All books but the summary volume, Truth and Error, contain five sections:

    • A concise introduction to the group being surveyed
    • An overview of the group’s theology — in its own words
    • Tips for witnessing effectively to members of the group
    • A bibliography with sources for further study
    • A comparison chart that shows the essential differences between biblical Christianity and the group

Profiles / Encyclopedia

  • Dictionary of Pentecostal and Charismatic Movements, ZondervanPublishingHouse, Grand Rapids, MI, 1988. The 8-page entry on Oneness Pentecostalism provides an overview of the movement’s origins, birth, organizational development and theology. However, keep in mind that this dictionary as a whole suffers from an overly sympathetic, head-in-the-sand approach to controversial subjects.

See Also



  1. Information from DA Reed, Oneness Pentecostalism, Dictionary of Pentecostal and Charismatic Movements, Zondervan Publishing House, Grand Rapids, MI, 1988. Page 644. Note: this book is a largely sympathetic work. We do not recommend it for serious study.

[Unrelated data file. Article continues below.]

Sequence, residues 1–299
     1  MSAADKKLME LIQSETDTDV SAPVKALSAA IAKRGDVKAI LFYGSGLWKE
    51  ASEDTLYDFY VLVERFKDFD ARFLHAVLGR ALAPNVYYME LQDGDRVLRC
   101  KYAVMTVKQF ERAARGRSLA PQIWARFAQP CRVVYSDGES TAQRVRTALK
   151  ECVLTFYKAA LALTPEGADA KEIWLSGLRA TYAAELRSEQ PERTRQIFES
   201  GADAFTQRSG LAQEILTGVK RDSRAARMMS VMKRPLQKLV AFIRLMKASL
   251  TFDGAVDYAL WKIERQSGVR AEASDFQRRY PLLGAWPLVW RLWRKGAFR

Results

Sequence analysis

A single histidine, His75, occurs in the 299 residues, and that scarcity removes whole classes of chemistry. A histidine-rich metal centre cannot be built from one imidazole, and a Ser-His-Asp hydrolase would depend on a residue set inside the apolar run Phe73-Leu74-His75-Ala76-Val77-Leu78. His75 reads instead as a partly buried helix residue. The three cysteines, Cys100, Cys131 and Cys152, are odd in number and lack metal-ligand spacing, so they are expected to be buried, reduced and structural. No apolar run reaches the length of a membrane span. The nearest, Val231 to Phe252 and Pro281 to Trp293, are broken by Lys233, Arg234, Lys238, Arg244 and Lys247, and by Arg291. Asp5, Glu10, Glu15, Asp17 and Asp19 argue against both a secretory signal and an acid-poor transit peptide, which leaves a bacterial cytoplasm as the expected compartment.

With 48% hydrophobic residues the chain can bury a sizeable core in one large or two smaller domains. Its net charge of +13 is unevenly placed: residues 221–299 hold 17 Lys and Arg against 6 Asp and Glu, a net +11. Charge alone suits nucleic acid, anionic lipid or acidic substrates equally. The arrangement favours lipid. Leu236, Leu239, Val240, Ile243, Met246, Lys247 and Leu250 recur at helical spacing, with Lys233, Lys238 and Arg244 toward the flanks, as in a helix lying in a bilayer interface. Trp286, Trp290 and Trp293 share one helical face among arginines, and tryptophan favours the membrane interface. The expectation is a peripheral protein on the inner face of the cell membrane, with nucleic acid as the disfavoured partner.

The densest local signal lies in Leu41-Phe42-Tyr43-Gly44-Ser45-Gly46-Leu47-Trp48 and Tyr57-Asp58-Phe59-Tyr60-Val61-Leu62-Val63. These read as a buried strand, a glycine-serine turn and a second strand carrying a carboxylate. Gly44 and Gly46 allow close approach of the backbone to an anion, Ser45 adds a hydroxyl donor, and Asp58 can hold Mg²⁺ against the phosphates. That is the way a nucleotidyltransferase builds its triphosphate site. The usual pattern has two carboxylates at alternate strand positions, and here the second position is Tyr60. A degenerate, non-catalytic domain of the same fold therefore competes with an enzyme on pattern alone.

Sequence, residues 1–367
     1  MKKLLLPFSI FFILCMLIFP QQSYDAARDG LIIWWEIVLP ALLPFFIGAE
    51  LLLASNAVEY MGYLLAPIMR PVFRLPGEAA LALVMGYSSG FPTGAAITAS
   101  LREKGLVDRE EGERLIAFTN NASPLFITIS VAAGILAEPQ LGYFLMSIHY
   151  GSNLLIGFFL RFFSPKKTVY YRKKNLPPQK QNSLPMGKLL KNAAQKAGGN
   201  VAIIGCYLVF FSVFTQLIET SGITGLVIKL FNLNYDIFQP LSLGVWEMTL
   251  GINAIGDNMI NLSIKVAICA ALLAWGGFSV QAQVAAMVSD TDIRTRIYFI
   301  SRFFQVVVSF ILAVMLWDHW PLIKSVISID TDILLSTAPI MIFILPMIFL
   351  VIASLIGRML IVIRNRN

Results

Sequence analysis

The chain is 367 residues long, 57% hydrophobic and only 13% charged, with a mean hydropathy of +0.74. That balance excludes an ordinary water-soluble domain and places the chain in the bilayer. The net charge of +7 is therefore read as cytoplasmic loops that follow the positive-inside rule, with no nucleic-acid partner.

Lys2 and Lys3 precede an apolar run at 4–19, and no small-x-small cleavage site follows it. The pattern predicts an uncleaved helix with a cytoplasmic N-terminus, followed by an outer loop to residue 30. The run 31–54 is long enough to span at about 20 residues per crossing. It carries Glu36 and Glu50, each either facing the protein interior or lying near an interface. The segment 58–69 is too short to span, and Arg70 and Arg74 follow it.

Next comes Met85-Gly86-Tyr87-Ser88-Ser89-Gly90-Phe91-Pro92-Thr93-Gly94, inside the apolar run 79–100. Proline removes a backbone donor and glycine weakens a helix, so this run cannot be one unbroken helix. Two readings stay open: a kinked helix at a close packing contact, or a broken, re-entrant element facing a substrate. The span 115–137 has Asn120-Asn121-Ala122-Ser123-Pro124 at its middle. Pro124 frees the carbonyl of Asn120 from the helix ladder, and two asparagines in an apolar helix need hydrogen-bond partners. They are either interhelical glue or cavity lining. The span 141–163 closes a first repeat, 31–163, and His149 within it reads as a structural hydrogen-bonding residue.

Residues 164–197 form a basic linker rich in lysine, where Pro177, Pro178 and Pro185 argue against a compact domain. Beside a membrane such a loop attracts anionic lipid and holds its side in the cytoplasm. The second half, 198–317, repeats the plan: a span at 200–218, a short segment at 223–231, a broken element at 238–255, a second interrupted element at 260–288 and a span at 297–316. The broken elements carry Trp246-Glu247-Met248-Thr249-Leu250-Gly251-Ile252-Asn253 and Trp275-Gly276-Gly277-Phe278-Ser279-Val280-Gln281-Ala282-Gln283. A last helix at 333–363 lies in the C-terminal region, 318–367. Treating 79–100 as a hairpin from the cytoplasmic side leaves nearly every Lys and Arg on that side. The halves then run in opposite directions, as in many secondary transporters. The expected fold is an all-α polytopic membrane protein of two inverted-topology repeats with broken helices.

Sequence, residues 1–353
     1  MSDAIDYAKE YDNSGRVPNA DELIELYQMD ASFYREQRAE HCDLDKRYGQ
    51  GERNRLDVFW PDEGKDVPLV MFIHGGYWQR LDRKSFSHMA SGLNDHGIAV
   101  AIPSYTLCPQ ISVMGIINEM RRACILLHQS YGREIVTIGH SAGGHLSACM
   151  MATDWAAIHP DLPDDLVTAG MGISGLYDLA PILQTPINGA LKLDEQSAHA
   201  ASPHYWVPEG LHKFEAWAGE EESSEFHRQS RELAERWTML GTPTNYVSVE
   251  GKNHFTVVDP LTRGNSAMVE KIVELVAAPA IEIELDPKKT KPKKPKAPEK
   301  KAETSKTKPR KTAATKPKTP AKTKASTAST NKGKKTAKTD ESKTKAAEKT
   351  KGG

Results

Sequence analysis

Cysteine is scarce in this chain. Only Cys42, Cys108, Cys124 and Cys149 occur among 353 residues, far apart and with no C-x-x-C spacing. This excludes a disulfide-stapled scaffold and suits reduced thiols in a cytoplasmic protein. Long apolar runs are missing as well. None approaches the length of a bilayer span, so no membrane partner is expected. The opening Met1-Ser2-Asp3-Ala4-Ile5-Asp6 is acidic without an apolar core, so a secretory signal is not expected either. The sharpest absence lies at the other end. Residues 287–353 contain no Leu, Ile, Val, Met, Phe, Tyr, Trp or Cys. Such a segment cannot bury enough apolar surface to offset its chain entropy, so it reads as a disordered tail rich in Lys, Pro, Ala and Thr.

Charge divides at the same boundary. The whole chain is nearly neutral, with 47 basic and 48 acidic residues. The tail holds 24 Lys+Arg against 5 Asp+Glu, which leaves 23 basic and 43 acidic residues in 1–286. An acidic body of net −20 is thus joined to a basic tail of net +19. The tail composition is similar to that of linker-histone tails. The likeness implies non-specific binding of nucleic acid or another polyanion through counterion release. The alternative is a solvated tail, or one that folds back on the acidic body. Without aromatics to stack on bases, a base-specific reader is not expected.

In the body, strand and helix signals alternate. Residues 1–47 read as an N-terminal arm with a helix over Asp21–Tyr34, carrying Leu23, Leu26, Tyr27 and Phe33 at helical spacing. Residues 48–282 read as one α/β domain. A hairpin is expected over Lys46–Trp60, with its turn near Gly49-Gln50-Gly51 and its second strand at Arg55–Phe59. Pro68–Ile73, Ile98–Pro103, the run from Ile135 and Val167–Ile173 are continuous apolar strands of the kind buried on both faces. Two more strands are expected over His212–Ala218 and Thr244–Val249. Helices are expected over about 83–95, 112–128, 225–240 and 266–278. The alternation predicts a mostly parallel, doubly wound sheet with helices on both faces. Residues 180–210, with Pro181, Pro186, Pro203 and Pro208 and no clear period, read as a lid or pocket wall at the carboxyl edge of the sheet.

Article details

Category: Oneness Pentecostalism
Related topic(s):

First published (or major update) on Tuesday, September 25, 2012.
Last updated on July 07, 2024.

Original content is © Copyright Apologetics Index. All Rights Reserved. For usage guidelines see link at the bottom.

Ad: Do you wish to visit the world's foremost religious and spiritual sites? Or do you simply want to experience wonderful places like Amsterdam, Paris, Barcelona, the Grand Canyon, Mexico ... the world?

Apologetics Index: Research resources on religious movements, cults, sects, world religions and related issues

Our website includes some affiliate links. That means we get a small commission — at no additional cost to you — for each purchase you make. For instance, as an Amazon Associate Apologetics Index earns from qualifying purchases. Your support helps us provide this site free of charge. Naturally, as our Editorial Policy states, our content is never influenced by our advertisers or affiliates. Details.